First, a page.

Likewise, President Putin’s change of mind and decision to meet Tillerson, as well as the tone adopted by Sergei Lavrov, were positive indicators that Moscow was, in reality, seeing recent events more in sorrow than in anger.
It was encouraging that Sergei Lavrov expressed the hope that there could still be co-operation on counter-terrorism, on North Korea and other issues. It was interesting that the original Russian announcement suspending the agreement that is designed to prevent Russian and American incidents in the skies above Syria has been quietly withdrawn.
What should happen now? The reality is that the US air strikes have changed the international dynamic and strategic reality within Syria. Having reversed Obama’s decision not to use military force Trump’s decision to authorized air strikes in one set of circumstances could be repeated elsewhere in the conflict.
Putin now has to take that into account. For three years he could be confident that Russia could use military force in Syria but the US would not. That meant that there was no risk of a US-Russian military confrontation. He can no longer have that confidence.
Both the US and Russia now have an interest in bringing the Syrian civil war to an early end. The Kremlin can be satisfied that, at least for a transitional period, Assad will still have a role. They can also assume that even when he eventually goes there will still be part of his regime that will be involved in the government of Syria.
The US is not going to repeat the mistake it made in Iraq when, after the ousting of Saddam Hussein, it insisted in the total disarmament of the Iraqi army and the dissolution of the Baathist Party.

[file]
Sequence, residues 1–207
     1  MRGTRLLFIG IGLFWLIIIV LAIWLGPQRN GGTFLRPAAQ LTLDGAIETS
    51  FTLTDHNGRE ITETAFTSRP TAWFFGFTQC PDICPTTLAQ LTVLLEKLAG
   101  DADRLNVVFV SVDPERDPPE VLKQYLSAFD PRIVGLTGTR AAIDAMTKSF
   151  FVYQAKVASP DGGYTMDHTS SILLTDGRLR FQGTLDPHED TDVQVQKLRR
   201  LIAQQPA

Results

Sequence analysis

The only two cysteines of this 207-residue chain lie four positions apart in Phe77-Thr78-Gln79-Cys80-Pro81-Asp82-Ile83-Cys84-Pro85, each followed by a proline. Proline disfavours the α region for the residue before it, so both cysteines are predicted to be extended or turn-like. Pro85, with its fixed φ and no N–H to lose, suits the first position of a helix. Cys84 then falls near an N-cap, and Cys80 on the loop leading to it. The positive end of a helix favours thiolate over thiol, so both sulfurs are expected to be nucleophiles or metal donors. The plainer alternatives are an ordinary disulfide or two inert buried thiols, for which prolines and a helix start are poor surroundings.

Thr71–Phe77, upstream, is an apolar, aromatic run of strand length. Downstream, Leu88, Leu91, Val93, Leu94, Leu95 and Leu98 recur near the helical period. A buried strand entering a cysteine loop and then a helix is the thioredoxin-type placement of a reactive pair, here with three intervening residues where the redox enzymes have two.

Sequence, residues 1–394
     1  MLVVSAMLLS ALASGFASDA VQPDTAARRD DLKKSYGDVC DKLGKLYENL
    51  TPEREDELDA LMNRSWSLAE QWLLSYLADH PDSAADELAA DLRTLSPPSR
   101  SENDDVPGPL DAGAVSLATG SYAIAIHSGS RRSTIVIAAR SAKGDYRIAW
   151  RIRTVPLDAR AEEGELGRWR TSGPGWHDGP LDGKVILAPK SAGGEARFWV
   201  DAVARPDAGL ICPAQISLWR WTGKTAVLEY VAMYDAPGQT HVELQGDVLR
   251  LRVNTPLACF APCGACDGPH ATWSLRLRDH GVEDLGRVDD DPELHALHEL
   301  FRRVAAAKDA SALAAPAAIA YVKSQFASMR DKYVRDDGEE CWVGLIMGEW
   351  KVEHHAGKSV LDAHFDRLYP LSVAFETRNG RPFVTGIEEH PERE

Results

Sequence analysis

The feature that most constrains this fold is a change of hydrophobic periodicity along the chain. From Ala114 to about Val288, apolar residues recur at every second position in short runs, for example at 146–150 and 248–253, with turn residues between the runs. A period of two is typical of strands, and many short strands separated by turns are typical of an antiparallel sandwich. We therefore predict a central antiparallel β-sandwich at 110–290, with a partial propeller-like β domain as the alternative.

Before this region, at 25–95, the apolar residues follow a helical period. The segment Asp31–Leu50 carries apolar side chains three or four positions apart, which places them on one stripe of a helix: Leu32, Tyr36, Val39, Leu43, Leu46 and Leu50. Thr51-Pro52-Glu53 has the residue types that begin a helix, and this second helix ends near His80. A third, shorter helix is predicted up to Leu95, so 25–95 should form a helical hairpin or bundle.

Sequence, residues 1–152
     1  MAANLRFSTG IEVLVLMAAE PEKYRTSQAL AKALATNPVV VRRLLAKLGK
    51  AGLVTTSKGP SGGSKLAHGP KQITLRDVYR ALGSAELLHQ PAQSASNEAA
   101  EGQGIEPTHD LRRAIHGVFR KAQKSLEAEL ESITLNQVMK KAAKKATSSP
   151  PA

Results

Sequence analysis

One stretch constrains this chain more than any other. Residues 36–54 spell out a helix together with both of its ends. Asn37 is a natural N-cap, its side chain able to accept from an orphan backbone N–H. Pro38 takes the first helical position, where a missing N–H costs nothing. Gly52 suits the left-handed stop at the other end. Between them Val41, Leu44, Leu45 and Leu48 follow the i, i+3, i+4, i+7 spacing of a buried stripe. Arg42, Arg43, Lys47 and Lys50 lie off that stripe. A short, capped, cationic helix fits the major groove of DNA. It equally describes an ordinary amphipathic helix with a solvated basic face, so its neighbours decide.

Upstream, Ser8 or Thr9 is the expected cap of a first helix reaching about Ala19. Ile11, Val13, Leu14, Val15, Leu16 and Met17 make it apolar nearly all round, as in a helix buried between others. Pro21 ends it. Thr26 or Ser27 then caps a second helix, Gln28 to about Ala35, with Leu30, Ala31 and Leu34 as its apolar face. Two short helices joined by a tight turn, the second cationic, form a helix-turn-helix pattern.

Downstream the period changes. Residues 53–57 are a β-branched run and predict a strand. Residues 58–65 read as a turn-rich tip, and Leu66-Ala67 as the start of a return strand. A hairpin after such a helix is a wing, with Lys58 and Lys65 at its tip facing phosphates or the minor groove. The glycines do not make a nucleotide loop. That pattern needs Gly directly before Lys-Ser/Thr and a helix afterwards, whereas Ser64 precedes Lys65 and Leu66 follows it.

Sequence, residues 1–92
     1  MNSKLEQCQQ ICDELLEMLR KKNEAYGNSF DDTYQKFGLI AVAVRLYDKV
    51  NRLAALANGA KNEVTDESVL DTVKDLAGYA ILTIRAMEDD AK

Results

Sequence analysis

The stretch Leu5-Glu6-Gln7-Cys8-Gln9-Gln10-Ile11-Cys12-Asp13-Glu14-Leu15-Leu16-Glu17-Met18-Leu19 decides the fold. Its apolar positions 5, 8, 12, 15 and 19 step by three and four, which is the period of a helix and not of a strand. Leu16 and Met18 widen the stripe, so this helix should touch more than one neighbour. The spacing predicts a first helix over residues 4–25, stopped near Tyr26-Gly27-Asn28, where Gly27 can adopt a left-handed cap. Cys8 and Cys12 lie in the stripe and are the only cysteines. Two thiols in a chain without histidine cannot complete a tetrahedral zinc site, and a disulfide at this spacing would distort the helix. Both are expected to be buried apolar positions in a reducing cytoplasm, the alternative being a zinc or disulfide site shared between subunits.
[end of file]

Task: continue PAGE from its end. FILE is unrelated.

Likewise, a cessation of hostilities and the creation of some form of government of national unity would allow the Syrian opposition and the Syrian people as a whole to feel there was a brighter future ahead which would enable them to realize their aspirations for greater liberty and economic recovery.
I have not mentioned the United Kingdom, Germany or France. They will have a diplomatic, economic and political role to play if and when the conflict ends. Their contribution could and should be vital to Syria’s long term future.
But the immediate objective is to end the fighting and the loss of life. That is the responsibility of the Syrian government and the Syrian opposition who are locked in combat. It is also the responsibility of Russia and Iran who have been combatants for some time.
It has now again become the responsibility of the United States because of the willingness of the Trump administration to use their military capability.
Frederick the Great said that diplomacy without arms is like music without instruments. We have had the arms for too long. Now is the time for the diplomacy.
Sir Malcolm Rifkind was Foreign Minister and Minister of Defence of the United Kingdom between 1992-97